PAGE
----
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I'm trying to set up an analogue to digital converter to read electrical noise. The noise is kinda Gaussian with a very very very rough amplitude of the order of 2Vp-p. I'm using a 10 bit range ADC that spans 2.5V, and have the opportunity to alter the amplitude of the signal up or down.

My problem is the Gaussian bit. This means that there is no limit to the range of the signal, just that signals spanning much more than 2V become increasingly rarer. Some times they might span 3Vp-p on rare occasion. More on even rarer occasions.

How do I set the input amplitude? Do I go low and only use 5 bits most of the time ensuring that I will never miss an out lying reading until the Universe cools? Or do I go high, use 9 bits then often miss higher amplitude signals? Err...

I'm not sure if this is actually an electrical or statistics question. However, this must be a common situation in signal acquisition so I'm hoping for some best practice advice. How would a commercial industrial acquisition device be configured specifically for this use case? I can only think of stupid analogies such as an accurate scientific beaver weighing device. How would I get the best use from my 10 bits to ensure that I can weigh all beavers with a good resolution? Please try to see this from a commercial perspective so that you're actually trying to design and sell these devices.

P.S. Having written the title lastly, my problem seems to boil down to "How to measure the amplitude of noise?"

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I'm glad to see you said the noise was 'kinda Gaussian'. If you had asserted that the noise was Gaussian, I would have been busy warning the map is not the territory, the noise can do what it likes, however Gaussian is a good approximation to many noise processes.

As you so correctly point out, you'll need to wait until the universe cools to see all the samples. So you need to investigate the signal, and hope that it's stationary within the time of your analysis, and stationary into the future if you want to use your analysis to set a maximum gain.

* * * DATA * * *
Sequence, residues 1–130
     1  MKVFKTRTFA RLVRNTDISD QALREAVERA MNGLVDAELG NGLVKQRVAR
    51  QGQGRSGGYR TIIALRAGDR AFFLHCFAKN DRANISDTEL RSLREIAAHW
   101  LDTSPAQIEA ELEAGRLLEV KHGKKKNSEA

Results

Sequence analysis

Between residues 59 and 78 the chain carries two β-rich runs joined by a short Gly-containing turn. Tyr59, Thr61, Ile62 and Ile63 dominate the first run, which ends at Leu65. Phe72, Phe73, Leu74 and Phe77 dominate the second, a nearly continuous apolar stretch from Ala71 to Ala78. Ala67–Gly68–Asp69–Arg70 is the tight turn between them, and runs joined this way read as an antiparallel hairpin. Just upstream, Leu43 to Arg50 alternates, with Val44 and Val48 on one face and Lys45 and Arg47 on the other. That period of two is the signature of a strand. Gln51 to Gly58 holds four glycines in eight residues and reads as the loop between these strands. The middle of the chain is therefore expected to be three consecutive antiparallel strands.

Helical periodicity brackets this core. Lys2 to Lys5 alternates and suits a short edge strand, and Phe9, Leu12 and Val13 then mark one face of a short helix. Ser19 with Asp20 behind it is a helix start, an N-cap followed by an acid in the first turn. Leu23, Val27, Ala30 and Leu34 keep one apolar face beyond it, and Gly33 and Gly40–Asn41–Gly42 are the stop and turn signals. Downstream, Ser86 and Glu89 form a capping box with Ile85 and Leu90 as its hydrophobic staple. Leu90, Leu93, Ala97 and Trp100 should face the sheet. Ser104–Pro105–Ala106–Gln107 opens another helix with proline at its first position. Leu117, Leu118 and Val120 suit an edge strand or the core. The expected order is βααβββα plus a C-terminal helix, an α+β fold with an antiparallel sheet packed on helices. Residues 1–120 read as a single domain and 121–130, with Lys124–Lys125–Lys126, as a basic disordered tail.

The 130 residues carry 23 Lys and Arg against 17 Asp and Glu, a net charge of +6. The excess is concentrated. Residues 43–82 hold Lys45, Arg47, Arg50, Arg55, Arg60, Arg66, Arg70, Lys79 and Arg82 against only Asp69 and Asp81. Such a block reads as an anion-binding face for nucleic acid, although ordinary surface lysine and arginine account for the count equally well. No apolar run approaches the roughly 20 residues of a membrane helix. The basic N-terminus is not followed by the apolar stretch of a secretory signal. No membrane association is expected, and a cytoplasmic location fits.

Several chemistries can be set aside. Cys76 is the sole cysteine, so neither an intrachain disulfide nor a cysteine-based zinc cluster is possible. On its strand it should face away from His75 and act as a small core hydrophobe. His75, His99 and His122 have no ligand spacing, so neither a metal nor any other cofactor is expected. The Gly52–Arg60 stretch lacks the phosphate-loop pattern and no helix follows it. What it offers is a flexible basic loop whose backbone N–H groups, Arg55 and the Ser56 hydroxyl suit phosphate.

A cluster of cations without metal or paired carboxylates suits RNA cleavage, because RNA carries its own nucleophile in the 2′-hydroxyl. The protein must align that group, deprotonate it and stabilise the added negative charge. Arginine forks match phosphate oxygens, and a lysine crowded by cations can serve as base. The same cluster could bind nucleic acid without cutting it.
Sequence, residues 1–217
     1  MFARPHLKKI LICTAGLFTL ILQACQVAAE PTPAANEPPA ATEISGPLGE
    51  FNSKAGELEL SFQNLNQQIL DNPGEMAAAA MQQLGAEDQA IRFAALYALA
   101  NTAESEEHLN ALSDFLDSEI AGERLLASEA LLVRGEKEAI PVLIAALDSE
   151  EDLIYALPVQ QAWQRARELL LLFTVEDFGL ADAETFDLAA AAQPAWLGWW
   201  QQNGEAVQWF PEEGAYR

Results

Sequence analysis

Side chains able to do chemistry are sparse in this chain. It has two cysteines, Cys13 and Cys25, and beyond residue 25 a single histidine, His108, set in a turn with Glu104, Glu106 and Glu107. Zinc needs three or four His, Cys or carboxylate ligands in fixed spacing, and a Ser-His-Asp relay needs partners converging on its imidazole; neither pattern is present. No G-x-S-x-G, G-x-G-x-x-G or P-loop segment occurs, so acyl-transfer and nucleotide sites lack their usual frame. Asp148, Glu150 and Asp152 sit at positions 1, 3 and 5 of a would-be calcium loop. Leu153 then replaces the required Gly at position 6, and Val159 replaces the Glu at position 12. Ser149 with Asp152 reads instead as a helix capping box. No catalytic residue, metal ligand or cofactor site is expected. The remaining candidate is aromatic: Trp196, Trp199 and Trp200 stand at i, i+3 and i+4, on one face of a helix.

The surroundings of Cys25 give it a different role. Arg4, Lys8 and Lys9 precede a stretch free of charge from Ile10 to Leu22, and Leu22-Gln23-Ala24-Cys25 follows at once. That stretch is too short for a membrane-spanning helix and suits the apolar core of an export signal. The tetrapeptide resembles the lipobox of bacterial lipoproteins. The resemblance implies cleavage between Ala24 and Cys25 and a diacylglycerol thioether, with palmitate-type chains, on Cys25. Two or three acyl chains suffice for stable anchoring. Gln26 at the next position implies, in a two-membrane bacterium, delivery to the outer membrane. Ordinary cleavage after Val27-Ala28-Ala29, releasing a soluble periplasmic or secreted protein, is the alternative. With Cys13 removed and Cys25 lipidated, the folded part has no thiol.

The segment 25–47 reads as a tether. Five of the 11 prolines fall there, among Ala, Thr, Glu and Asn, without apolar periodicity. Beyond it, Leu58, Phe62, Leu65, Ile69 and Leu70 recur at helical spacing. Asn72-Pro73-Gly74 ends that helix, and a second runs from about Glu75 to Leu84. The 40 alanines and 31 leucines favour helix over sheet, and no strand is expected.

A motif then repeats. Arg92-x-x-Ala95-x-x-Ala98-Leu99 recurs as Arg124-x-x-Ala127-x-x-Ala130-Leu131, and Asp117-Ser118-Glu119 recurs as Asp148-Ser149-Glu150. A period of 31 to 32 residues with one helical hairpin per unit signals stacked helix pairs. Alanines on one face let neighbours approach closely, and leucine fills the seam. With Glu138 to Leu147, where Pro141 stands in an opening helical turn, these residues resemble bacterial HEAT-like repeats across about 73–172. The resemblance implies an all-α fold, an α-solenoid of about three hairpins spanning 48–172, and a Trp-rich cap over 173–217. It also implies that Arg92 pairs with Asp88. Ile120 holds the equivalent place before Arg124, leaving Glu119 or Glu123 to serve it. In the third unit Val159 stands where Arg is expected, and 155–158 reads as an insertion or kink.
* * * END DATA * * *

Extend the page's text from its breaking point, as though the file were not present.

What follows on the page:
The thing to do is calculate a CCDF (google, wikipedia) of your input signal, with a wide enough range so there's no observed overload in your observation time. This will lead very quickly to a good estimate of how many samples you will fail to catch for any given maximum range, and so underestimate the signal power if measured with the new range.

You will be able to do calculations like 'if you want to measure with 95% probability to 0.01% power accuracy, then you have to set an x.sigma peak signal'. Of course, that's based on signal you've already seen. If you want to estimate the effect of signals you haven't seen, that will always be an extrapolation, which is always uncertain.

As a hint, if the noise looks guassian(ish), and you can identify a probable sigma, three sigma is often large enough for some people, though demonstrably too small for others, six sigma is only twice as large, and will satisfy all but the theorists and the 'one in 10^12' disk drive error researchers.

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Amplitude of Gaussian noise is defined as the width of its PDF - probability density function. Estimation of this function is usually done on the basis of several thousands ADC samples, obviously with proper sampling rate (to obey Nyquist-Shannon-Kotelnikov-etc. sampling theorem) that exceeds the particular noise bandwidth. Then DSP (digital signal processing) makes a best fit to the Gaussian curve, and calculates its width. For more details, look at practical guide from Analog Devices.

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  • \$\begingroup\$ Well that's the thing isn't it? The width of any Gaussian PDF is infinite hence my question. \$\endgroup\$ – Paul Uszak Oct 9 '16 at 2:20
  • \$\begingroup\$ No, the width is defined at a certain level of PDF relative to its peak, at "1-sima", "2-sigma", whatever. Did you have a chance to read the guide? \$\endgroup\$ – Ale..chenski Oct 9 '16 at 2:24
  • \$\begingroup\$ So how many sigmas would a commercial (beaver weighing) device be designed for? It's the trade off between accuracy and range that I guess I'm struggling with. Your first Analogue Devices example takes 512 samples. I could take 512 million to be all inclusive. Should I? \$\endgroup\$ – Paul Uszak Oct 9 '16 at 2:31
  • \$\begingroup\$ You can, but it might be unnecessary. All depends on how much time you have, and accuracy you want to achieve. For USB3, for example, estimation of PDF is done on a basis several hundred thousands samples, and PDF width is estimated at 10^-12 level. And I have no idea what the beaver weighing device is. \$\endgroup\$ – Ale..chenski Oct 9 '16 at 2:51

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